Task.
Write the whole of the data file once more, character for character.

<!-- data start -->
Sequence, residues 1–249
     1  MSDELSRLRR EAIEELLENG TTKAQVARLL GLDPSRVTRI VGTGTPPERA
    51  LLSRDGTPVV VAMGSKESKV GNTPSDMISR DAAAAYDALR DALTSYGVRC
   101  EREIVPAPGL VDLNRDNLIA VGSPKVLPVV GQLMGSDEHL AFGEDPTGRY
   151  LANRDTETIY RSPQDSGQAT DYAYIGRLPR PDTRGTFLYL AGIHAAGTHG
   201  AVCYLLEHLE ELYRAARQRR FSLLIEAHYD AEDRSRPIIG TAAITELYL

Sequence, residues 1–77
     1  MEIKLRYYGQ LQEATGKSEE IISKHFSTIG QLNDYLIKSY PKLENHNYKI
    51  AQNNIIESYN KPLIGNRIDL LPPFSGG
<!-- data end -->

Sequence, residues 1–249
     1  MSDELSRLRR EAIEELLENG TTKAQVARLL GLDPSRVTRI VGTGTPPERA
    51  LLSRDGTPVV VAMGSKESKV GNTPSDMISR DAAAAYDALR DALTSYGVRC
   101  EREIVPAPGL VDLNRDNLIA VGSPKVLPVV GQLMGSDEHL AFGEDPTGRY
   151  LANRDTETIY RSPQDSGQAT DYAYIGRLPR PDTRGTFLYL AGIHAAGTHG
   201  AVCYLLEHLE ELYRAARQRR FSLLIEAHYD AEDRSRPIIG TAAITELYL

Sequence, residues 1–77
     1  MEIKLRYYGQ LQEATGKSEE IISKHFSTIG QLNDYLIKSY PKLENHNYKI
    51  AQNNIIESYN KPLIGNRIDL LPPFSGG